I've heard from a friend of mine who was a big eater of peanut butter how disgusted he was when he found out what's in his beloved peanut butter. He stopped buying it commercially and started making his own from peanuts he cleaned and pressed himself. Insect parts are present during manufacturing process and "peanut butter can have up to 30 insect parts per 100 grams."

Nanoparticles are not required to be listed on packaging but manufacturers use them to increase shelf life of food. They are so small that they pass through cell walls. Nobody really knows how nanoparticles affect our bodies.

Chicken which is now shipped to China to rendered and packaged and shipped back to the U.S. is not as safe as people think. A 2012 study found what kind of drugs the chicken ingested before they were slaughtered: antibiotics residue banned in poultry, caffeine, acetaminophen (Tylenol), diphenhydramine (Benadryl), fluoxetine (active ingredient in Prozac).

Ninety percent of seafood is coming from other countries and we have no idea what the contaminants are. Videos from China have shown packaging houses injecting fish and shrimp with silicone to make them look plumper and fresher. The FDA inspects "less than 2 percent of our seafood imports." The EU, by contrast, inspects 20-50 percent of imports.

Robert J. Davis recommends farmed salmon from a good farm because it has "more heart-healthy omega-3s than wild salmon."

Packaged sliced cheese are mostly not cheese, they are made of milk protein concentrate and whey protein concentrate. They are thus called "pasteurized prepared cheese products." If ice cream does not have at least 10 percent milk fat, it must be called "frozen dairy dessert." Greek yogurt that is labeled "whey protein concentrate" or "milk protein concentrate" on the ingredients list is not strained naturally to make it thick, things have been added to thicken it.

In processed foods, salt is the "miracle ingredient" because it preserves the food, helps exacerbate the sweet taste, and hides bad flavors coming from the manufacturing line. Flour, sugar, and oils are mixed in large vats. Salt, flavoring, coloring, and other "fairy dust" is added to make the product look and taste close to something we would mix at home. They add sun dried tomatoes, vitamins, anti-oxidants, and extra fiber in order to claim that the finite product is good for you.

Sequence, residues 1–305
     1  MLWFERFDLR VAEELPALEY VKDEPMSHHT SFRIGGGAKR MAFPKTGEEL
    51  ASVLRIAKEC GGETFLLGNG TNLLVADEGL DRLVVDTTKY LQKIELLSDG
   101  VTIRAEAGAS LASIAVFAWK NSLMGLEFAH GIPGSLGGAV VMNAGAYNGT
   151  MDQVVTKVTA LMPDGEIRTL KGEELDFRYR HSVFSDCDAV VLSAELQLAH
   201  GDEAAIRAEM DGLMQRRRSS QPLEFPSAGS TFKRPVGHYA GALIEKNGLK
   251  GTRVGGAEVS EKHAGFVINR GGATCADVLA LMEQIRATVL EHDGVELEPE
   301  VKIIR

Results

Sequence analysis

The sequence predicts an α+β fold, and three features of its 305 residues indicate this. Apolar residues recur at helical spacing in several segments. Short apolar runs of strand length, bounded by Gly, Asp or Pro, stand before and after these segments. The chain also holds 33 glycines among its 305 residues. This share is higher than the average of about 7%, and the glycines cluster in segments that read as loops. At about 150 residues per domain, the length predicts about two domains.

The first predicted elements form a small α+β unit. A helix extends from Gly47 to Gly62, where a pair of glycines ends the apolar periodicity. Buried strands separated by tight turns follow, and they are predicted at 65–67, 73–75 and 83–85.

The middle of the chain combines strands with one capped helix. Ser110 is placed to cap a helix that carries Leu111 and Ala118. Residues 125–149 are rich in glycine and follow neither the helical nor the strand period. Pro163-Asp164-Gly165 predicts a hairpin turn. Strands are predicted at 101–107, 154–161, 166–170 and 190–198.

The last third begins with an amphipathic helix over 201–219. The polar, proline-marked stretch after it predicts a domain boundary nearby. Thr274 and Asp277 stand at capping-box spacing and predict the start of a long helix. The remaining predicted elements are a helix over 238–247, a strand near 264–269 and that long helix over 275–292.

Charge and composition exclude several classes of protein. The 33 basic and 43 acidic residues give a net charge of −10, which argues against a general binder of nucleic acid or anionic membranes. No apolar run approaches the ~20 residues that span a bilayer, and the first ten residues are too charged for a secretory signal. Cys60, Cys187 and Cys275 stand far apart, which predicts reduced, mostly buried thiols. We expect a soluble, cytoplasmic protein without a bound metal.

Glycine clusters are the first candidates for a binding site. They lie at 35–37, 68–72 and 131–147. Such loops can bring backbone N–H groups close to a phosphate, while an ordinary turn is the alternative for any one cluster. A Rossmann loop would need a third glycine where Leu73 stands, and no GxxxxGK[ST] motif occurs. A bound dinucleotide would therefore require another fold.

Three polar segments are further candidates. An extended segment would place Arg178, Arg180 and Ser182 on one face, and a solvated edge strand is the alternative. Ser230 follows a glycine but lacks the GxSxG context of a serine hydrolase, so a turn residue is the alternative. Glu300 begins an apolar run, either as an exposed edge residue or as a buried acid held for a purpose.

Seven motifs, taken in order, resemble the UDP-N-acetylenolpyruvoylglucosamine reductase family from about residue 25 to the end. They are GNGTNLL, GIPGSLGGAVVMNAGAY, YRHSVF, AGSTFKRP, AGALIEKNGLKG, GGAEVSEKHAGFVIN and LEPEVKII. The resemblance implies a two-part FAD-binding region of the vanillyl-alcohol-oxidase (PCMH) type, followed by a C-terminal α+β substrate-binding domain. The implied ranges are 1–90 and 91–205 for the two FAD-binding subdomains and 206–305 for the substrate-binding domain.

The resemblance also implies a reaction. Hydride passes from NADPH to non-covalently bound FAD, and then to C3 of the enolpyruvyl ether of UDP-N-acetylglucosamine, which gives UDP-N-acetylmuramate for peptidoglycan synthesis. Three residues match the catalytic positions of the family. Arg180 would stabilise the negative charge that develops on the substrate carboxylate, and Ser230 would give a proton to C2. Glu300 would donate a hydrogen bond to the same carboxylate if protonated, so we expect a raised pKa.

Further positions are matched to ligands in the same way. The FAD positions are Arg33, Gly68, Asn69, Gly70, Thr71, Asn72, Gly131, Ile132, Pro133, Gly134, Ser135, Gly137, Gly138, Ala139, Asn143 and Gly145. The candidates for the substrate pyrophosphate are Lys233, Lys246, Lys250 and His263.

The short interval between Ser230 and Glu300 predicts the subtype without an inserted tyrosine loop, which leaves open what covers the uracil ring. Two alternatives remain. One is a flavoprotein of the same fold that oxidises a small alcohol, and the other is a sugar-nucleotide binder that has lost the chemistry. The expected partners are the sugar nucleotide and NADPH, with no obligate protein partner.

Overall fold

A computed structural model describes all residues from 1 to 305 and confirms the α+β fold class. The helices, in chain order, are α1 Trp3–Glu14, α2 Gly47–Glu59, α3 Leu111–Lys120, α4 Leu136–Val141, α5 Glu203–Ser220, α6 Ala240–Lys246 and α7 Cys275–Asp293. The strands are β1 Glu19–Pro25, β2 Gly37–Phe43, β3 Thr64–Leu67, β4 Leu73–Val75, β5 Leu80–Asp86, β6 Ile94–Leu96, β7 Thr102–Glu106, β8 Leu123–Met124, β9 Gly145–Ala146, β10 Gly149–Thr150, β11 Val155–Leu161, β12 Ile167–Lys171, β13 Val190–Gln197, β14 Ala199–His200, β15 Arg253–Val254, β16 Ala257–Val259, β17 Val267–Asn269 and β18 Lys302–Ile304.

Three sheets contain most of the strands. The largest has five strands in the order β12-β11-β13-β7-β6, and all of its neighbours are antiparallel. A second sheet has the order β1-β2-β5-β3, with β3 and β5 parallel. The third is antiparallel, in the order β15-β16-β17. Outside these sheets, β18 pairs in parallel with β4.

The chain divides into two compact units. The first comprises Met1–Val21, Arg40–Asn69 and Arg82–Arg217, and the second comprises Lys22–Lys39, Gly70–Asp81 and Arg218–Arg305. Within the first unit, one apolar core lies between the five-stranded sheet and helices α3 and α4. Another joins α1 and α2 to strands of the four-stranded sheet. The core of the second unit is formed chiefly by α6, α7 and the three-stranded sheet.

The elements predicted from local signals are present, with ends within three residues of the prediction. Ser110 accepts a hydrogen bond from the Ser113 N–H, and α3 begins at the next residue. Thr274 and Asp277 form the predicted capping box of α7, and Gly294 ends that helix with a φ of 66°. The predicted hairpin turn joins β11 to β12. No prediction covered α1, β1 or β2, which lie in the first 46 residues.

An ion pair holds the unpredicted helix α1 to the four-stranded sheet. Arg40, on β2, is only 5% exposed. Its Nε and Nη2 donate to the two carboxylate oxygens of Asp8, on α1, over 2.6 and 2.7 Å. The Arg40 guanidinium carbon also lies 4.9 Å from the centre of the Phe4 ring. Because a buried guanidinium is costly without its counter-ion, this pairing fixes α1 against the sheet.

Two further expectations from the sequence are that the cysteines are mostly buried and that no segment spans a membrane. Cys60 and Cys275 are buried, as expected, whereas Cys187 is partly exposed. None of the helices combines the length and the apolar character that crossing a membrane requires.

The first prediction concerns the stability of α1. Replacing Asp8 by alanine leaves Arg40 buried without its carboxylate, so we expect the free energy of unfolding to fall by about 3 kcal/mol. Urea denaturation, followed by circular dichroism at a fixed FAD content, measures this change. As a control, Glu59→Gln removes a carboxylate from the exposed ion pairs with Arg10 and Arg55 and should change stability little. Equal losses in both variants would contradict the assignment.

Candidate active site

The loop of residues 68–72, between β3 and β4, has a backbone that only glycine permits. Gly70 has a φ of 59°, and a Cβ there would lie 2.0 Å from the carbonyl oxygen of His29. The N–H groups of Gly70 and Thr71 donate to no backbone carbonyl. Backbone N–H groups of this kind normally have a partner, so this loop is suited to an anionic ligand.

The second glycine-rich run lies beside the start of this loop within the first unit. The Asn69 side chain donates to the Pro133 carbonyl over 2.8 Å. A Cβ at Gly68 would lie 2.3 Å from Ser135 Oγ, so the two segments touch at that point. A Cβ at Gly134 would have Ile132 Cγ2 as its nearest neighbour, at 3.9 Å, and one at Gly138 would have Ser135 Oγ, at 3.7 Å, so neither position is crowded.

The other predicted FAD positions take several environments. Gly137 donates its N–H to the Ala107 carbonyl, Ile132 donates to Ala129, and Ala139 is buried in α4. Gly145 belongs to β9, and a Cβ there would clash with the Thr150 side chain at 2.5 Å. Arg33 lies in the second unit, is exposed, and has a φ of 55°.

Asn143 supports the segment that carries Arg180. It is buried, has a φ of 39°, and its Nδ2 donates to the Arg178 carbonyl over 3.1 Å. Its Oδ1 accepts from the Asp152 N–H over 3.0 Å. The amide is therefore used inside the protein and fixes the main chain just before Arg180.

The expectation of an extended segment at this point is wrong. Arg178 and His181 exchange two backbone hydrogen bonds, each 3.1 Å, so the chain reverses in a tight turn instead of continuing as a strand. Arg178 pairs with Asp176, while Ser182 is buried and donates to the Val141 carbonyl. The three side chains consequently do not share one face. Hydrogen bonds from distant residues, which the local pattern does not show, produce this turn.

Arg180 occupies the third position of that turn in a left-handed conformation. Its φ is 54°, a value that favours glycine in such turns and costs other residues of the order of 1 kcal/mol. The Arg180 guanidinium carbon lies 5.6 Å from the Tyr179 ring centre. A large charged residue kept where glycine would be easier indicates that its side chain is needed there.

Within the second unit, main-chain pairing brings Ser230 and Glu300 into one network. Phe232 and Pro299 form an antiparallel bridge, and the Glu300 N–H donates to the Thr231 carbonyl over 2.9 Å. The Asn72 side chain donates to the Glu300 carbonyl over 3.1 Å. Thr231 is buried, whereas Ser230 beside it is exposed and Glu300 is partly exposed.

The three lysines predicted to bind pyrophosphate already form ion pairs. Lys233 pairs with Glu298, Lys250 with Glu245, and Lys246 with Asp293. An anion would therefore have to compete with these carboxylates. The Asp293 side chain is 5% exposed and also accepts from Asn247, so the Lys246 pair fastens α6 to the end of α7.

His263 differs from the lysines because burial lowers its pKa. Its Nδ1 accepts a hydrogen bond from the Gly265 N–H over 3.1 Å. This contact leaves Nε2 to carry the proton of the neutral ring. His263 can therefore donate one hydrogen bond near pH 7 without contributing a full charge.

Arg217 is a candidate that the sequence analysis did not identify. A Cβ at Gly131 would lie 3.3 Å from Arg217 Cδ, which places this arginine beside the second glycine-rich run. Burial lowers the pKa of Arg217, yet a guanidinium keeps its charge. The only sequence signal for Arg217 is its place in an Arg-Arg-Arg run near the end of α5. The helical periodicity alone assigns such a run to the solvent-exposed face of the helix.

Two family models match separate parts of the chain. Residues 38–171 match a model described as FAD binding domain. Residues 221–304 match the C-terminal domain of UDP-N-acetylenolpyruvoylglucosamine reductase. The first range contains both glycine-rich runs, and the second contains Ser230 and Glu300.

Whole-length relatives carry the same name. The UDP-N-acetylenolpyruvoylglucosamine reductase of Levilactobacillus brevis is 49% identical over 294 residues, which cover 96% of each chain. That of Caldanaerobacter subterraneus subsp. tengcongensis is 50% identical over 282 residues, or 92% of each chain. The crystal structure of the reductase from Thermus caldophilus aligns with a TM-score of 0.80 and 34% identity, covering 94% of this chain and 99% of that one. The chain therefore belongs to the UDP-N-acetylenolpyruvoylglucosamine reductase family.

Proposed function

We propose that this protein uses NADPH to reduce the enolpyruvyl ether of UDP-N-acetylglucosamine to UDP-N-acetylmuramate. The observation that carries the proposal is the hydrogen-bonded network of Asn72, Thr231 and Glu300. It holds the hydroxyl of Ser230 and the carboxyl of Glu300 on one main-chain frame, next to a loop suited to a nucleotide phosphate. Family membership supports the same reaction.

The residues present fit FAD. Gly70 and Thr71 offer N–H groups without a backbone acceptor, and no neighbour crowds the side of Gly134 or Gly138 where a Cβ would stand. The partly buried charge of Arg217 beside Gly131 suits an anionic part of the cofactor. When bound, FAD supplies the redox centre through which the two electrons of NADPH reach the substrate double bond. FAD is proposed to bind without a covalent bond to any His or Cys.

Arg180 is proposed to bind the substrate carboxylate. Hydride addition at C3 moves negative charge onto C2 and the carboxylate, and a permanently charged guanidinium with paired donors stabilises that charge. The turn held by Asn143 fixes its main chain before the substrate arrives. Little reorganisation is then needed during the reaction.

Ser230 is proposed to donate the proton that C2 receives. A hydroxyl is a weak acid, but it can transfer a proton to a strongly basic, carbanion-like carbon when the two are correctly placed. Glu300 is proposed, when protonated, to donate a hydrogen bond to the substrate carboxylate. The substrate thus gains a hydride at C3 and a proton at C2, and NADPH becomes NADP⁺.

Do manufacturers go overboard with their ingredients? The FDA lets them be their own safety testers and there are no mandatory guidelines. Melanie Warner said, they don't even have to tell the FDA what "new additives they are using."

Additionally, FDA inspectors have a vested interest in companies that sell synthetic products to food manufacturers. Manufacturers self-police and FDA steps in only if customers complain.

If you like sourdough bread, you will be surprised to find out that the bacteria came from rodent feces, said Rob Dunn, biologist at NC State University.

Strange claims from Presbyterian minister Sylvester Graham, who invented graham crackers to reduce libido, blamed meat, white bread, and alcohol on "excessive sexual desire." Very bland at first, it was turned into the sweet treat after this death. (Libby O'Connell)

Even though we complain about the price of food we buy in grocery stores, Americans spend the lowest amount of their income on food, about 5.6 percent of their disposable income.

Katherine Talmadge recommends Triscuits because they only list three ingredients, whole-grain wheat, oil, and salt. Finn Crisp and Wasa brands are also recommended for having 100 percent whole grain and low amounts of salt. Cereal's nutrition is destroyed during processing so manufacturers must add vitamins and minerals to it.

If you are leery of pasta, like I am, get regular pasta and not whole wheat. Kantha Shelke believes that whole wheat pasta has more starch than regular pasta because of the grounding process. Better yet, search for a pasta with a low glycemic index, especially if you are borderline diabetic.

Organic food is not necessarily better and healthier in light of e-coli contamination from animal fecal fertilizer; it is certainly very expensive for most people. Fresh fruits and vegetables in season are the best and, if you are not sure what you eat from the store or from a restaurant, cook more at home.

Wednesday, November 29, 2017

Twenty More Years of Socialism and No Good-Byes

Photo: Ileana Johnson 2015 ASTRA
When I left Romania after twenty years of frugal subsistence and tyranny under Ceausescu’s communist regime, I thought the nightmare was over, I was moving to America, the land of freedom and opportunity, and everything would be all right. All I had to do is study and educate myself as fast as I could.